On November 9, 2001, Bennett's indecent exposure conviction was expunged in district court proceedings.

By order dated January 11, 2002, Judge Macdonald established a trial date of July 8, 2002.

In February 2002, Judge Macdonald was assigned to the family division of the circuit court. Consequently, this case was reassigned by lot to Judge William Giovan. On May 17, 2002, Judge Giovan held a hearing regarding the admissibility of propensity evidence not currently at issue. Plaintiffs counsel invited the media to this hearing. Despite Judge Giovan's order closing the hearing to the media, plaintiffs counsel directed the media to wait outside until the hearing concluded to discuss details regarding the hearing.

Immediately following the hearing, Judge Giovan met with all counsel to discuss plaintiffs counsel's continued public references to Bennett's prior conviction despite Judge Macdonald's previous court order and the expungement of the conviction. Bennett's counsel pointed out that plaintiffs counsel's behavior apparently violated MCL 780.623(5), which criminalizes the divulgence, use, or publication of information regarding an expunged conviction. Plaintiffs counsel responded by stating that "it was worth the risk" to continue to publicize Bennett's expunged conviction.

The expungement statute states:


Except as provided in subsection (2), a person, other than the applicant, who knows or should have known that a conviction was set aside under this section and who divulges, uses, or publishes information concerning a conviction set aside under this section is guilty of a misdemeanor punishable by imprisonment for not more than 90 days or a fine of not more than $500.00, or both. [MCL 780.623(5).]

Plaintiff's counsel's comments at this meeting also demonstrate that plaintiff's counsel continued to make public references to the excluded evidence despite the court order, contrary to Justice WEAVER'S contention.

Judge Giovan declined to order plaintiff's counsel to obey MCL 780.623(5) because he considered it redundant to order an attorney to follow the law. Despite Judge Giovan's expression of confidence that counsel would follow the law, plaintiff's counsel left the courtroom and met with the waiting media. This meeting resulted in extensive television news and press coverage, some of which again referred to Bennett's expunged conviction and the possible exclusion of the propensity evidence. Shortly thereafter, plaintiffs counsel again discussed this case at a May 28 public meeting and a June 1, 2002, rally in Ann Arbor sponsored by BAMN (Coalition to Defend Affirmative Action, Integration Immigrant Rights and Fight for Equality by any Means Necessary).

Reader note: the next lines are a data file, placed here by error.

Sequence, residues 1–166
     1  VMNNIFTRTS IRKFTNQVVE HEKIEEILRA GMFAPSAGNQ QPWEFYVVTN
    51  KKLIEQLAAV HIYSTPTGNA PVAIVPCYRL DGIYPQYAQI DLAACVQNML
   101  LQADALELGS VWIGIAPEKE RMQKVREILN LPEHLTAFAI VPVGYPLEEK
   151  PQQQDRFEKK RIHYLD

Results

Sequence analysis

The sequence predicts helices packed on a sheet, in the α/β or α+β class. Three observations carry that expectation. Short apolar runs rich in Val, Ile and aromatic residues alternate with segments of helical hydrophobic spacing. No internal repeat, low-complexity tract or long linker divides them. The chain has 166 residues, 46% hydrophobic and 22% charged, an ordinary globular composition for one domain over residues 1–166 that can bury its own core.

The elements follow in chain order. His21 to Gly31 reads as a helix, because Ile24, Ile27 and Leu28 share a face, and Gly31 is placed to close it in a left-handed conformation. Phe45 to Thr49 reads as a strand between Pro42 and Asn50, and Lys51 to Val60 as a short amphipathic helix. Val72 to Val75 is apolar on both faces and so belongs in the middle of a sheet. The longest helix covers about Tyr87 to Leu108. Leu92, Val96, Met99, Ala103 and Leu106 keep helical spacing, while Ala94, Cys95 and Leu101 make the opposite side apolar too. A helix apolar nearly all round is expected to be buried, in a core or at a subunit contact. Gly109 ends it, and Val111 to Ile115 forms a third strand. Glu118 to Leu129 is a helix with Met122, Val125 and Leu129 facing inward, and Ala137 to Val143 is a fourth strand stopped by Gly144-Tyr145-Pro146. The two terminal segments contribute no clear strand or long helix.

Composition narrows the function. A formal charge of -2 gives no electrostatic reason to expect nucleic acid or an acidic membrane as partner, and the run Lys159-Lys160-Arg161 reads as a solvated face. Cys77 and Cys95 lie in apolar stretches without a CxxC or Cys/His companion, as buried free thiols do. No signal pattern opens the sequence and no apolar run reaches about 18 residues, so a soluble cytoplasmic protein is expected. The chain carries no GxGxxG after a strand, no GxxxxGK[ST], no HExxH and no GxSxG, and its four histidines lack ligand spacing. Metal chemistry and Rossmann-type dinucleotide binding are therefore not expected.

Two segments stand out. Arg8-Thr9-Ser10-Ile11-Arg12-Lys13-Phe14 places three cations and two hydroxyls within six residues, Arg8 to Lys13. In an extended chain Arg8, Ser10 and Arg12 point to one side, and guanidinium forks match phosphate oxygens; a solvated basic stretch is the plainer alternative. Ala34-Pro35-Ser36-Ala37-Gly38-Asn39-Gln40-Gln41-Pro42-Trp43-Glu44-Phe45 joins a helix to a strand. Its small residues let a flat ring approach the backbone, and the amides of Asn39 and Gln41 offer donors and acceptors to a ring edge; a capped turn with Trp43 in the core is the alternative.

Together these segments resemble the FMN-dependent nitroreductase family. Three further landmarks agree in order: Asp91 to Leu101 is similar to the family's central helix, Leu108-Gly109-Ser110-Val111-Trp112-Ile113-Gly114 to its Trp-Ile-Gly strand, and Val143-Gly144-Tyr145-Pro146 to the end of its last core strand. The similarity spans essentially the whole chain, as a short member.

Justice CAVANAGH mischaracterizes Judge Giovan's refusal to unnecessarily order an attorney to follow the law as a refusal to require the parties to refrain from referencing the excluded evidence. Justice CAVANAGH'S mischaracterization that "the trial court never thought it issued an order" in this case is preposterous. Post at 420. While Judge Giovan did not specifically enter a gag order, he did, on numerous occasions, direct the parties to abide by Judge Macdonald's order of exclusion, he subsequently denied plaintiff's motion to dissolve the order, and he orally warned the parties that dismissal would result for failure to abide by the order. Moreover, Justice CAVANAGH'S mischaracterization of the lower court transcript is rebutted by plaintiff's own comment, "If we don't act the way he [Judge Giovan] wants it, the way he sees fit, then he'll dismiss my case with prejudice."

The following is a list of the publications stemming from plaintiffs counsel's May 17, 2002, meeting with the media, some of which also referred to evidence that had been excluded before trial: (Da WDIV news broadcast, May 17, 2002, referencing the excluded propensity evidence; (2) a WXYZ news broadcast, May 17, 2002, also referencing the excluded propensity evidence; and (3) The Associated Press local wire story, May 17, 2002, referencing the expunged conviction.
Again, contrary to Justice WEAVER'S contention, we do not assert that plaintiff's counsel actually made references to the excluded evidence in these publications. Rather, we assert that these publications stem from plaintiffs counsel's meeting with the media.

Plaintiff's counsel, George Washington, Miranda Massie, and Jodi Masley, are all members of the BAMN organization.